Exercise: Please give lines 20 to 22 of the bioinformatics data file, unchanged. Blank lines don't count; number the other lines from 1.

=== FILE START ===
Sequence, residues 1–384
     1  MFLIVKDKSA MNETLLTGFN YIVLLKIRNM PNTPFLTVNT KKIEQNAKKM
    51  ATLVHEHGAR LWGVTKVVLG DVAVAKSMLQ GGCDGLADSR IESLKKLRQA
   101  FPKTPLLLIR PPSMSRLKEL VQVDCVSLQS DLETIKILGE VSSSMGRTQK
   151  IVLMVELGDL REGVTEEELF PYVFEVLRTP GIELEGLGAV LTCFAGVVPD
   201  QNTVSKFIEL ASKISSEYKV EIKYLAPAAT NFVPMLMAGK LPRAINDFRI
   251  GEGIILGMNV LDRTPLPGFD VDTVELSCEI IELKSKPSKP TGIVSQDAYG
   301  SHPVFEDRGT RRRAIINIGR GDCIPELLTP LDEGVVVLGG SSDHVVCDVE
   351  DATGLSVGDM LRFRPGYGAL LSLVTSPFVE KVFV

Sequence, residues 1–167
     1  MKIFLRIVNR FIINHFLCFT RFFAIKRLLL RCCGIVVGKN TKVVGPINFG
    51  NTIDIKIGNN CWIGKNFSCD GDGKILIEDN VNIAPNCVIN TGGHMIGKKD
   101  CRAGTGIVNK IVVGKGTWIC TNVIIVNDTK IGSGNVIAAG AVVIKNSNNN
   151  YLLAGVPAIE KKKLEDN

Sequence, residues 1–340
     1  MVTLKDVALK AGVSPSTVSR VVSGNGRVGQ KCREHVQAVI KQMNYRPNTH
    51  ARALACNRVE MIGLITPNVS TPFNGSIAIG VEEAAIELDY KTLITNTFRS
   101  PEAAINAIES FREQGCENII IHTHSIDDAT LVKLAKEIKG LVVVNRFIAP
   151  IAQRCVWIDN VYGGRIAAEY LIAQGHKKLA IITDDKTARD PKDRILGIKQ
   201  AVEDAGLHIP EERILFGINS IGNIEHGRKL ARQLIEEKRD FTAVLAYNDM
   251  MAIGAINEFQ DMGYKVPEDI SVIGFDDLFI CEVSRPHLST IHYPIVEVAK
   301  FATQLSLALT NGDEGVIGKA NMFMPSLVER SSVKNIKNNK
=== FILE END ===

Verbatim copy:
   201  AVEDAGLHIP EERILFGINS IGNIEHGRKL ARQLIEEKRD FTAVLAYNDM
   251  MAIGAINEFQ DMGYKVPEDI SVIGFDDLFI CEVSRPHLST IHYPIVEVAK
   301  FATQLSLALT NGDEGVIGKA NMFMPSLVER SSVKNIKNNK